Scherzer’s bat a boon for Nats

Orlando Sentinel - - BASEBALL -

Ear­lier this month, Max Scherzer walked past an eight-piece mari­achi band per­form­ing on the field at Na­tion­als Park for Cinco de Mayo and couldn’t help him­self. He wasn’t sched­uled to take bat­ting prac­tice on the field that day; none of the Wash­ing­ton Na­tion­als’ start­ing pitch­ers were. That didn’t mat­ter. The op­por­tu­nity was too en­tic­ing.

“I’ve gotta hit BP,” Scherzer said. “When else do you get to hit to a mari­achi band?”

So Scherzer grabbed his bat­ting gloves and bat, jumped in with a group of po­si­tion play­ers and took his hacks. A year ago, Scherzer, ar­guably the best pitcher on the planet, wasn’t tak­ing bat­ting prac­tice. He was ad­vised to not take the ex­tra swings to pro­tect his right ring fin­ger, which had de­vel­oped a stress frac­ture the pre­vi­ous sea­son. Pitch­ing was his sole fo­cus for most of the year. It wasn’t until Au­gust that Scherzer fi­nally took bat­ting prac­tice for the first time.

The im­pact was ev­i­dent, if over­looked; Scherzer bat­ted .161 in 72 plate ap­pear­ances, the low­est bat­ting av­er­age he’s ever posted over a full sea­son in the Na­tional League. He slugged his first ca­reer home run on Aug. 1, but in­sists it was lucky and only hap­pened be­cause he couldn’t move his neck, which forced him to exit the game an in­ning later. Of course, Scherzer’s hit­ting wasn’t a topic of con­ver­sa­tion as he earned his sec­ond con­sec­u­tive Na­tional League Cy Young Award.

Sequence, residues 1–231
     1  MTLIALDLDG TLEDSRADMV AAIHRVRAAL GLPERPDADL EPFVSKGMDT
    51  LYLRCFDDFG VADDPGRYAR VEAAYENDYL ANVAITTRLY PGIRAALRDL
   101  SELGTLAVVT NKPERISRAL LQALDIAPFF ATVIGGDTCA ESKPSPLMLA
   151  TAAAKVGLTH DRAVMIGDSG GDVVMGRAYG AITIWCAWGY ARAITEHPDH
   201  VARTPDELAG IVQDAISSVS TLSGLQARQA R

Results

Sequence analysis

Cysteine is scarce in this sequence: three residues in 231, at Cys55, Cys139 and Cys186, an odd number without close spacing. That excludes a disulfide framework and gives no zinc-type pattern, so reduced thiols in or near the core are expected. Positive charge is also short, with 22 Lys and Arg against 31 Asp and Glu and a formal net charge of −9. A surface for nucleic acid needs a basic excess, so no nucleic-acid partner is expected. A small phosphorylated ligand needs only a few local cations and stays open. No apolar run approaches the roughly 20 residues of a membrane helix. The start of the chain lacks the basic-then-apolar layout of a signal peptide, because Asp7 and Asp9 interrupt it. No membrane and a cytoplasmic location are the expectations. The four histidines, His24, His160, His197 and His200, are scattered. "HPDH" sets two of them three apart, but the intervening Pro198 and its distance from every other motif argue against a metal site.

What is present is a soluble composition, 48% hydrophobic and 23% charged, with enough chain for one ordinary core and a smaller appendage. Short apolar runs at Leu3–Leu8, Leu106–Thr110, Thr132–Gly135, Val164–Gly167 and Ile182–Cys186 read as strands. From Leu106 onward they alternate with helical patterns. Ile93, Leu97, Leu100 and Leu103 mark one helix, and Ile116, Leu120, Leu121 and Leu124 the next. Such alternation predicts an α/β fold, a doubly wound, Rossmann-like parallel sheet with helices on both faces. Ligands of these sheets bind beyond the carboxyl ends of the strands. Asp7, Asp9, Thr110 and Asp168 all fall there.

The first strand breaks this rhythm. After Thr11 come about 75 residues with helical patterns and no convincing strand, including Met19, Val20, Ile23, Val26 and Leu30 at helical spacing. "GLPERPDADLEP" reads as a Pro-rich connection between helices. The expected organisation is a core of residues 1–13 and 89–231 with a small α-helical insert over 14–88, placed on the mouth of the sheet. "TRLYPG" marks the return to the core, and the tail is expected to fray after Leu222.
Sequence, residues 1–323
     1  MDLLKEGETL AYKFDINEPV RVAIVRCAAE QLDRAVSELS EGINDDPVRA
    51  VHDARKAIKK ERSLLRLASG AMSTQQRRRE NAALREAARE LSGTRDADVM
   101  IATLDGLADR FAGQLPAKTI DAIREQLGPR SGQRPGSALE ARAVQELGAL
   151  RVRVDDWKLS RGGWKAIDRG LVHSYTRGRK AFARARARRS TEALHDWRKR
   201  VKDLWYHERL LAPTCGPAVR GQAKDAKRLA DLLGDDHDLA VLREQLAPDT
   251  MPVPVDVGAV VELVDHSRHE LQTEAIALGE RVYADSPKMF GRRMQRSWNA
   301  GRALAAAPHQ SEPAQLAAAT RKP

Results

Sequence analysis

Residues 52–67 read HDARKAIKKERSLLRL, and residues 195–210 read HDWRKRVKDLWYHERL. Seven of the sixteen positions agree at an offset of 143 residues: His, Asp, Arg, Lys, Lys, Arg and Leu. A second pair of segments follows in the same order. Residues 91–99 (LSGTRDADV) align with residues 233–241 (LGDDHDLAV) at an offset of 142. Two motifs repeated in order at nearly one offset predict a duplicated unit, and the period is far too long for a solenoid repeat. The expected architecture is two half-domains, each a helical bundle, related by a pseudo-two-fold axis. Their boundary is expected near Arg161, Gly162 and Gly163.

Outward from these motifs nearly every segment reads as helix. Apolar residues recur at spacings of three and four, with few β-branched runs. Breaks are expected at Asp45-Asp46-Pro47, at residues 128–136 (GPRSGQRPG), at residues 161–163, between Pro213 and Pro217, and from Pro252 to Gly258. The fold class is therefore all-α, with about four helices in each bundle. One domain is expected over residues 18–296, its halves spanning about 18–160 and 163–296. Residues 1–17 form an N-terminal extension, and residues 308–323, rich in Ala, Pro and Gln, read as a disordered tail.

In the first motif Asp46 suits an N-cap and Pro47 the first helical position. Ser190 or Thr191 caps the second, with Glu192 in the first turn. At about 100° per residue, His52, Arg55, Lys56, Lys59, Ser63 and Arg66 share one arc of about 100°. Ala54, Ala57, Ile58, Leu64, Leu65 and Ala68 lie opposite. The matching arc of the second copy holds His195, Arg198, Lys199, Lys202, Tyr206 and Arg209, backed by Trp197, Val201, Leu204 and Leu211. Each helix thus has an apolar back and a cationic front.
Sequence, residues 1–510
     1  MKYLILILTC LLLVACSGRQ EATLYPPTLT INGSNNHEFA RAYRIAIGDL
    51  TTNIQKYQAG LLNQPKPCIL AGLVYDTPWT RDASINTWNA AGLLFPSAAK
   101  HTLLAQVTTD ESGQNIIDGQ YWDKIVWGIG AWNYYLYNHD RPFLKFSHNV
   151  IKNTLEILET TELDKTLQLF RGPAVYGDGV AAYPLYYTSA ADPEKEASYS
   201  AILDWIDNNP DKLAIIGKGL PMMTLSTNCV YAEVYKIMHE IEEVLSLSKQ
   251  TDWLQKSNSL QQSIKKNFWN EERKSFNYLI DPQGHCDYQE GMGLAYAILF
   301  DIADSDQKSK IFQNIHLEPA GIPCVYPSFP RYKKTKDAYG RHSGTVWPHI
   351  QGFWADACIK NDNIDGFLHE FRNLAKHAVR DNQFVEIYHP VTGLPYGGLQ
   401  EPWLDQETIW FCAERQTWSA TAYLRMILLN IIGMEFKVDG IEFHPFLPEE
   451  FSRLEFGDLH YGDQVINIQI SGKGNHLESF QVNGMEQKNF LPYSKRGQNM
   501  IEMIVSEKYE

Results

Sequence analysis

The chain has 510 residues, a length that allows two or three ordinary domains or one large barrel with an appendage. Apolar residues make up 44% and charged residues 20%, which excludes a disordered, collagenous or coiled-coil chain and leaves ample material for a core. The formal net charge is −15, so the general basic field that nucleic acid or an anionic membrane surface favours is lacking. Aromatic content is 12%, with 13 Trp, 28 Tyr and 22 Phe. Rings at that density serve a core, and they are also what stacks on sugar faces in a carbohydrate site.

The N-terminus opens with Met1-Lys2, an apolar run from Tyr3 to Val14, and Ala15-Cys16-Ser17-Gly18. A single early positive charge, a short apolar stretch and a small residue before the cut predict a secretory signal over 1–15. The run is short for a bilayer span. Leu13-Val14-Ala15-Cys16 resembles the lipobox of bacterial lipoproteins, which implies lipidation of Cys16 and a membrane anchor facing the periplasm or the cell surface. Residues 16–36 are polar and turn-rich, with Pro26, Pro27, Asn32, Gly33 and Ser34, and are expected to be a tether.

This year, Scherzer’s hit­ting has not gone un­no­ticed. Ev­ery fifth day, he’s seen with his gray bat­ting gloves on, bat in hand, an in­tense look in his eyes as he shut­tles be­tween the club­house and bat­ting cage a cou­ple hours be­fore first pitch. Hit­ting is part of his un­ri­valed prepa­ra­tion again and, not co­in­ci­den­tally, Scherzer has at least one hit in six of his nine starts this sea­son. In his last out­ing, against the Ari­zona Di­a­mond­backs last Fri­day, he went 2 for 3 with an RBI ground-rule dou­ble to raise his bat­ting av­er­age to .292.

Only Ari­zona’s Patrick Corbin, who is bat­ting .294, has a higher bat­ting av­er­age among pitch­ers with at least 20 plate ap­pear­ances this sea­son. Since 2016, Scherzer leads all pitch­ers with 30 hits and is sec­ond with 20 RBIs.

Na­tion­als hit­ting coach Kevin Long said Scherzer hits ev­ery day and con­stantly asks ques­tions, dili­gently search­ing for a nugget of in­for­ma­tion that could make the difference.

“We’re a re­ally a strong lineup one through eight — one through nine when Max is in there,” Bryce Harper noted.

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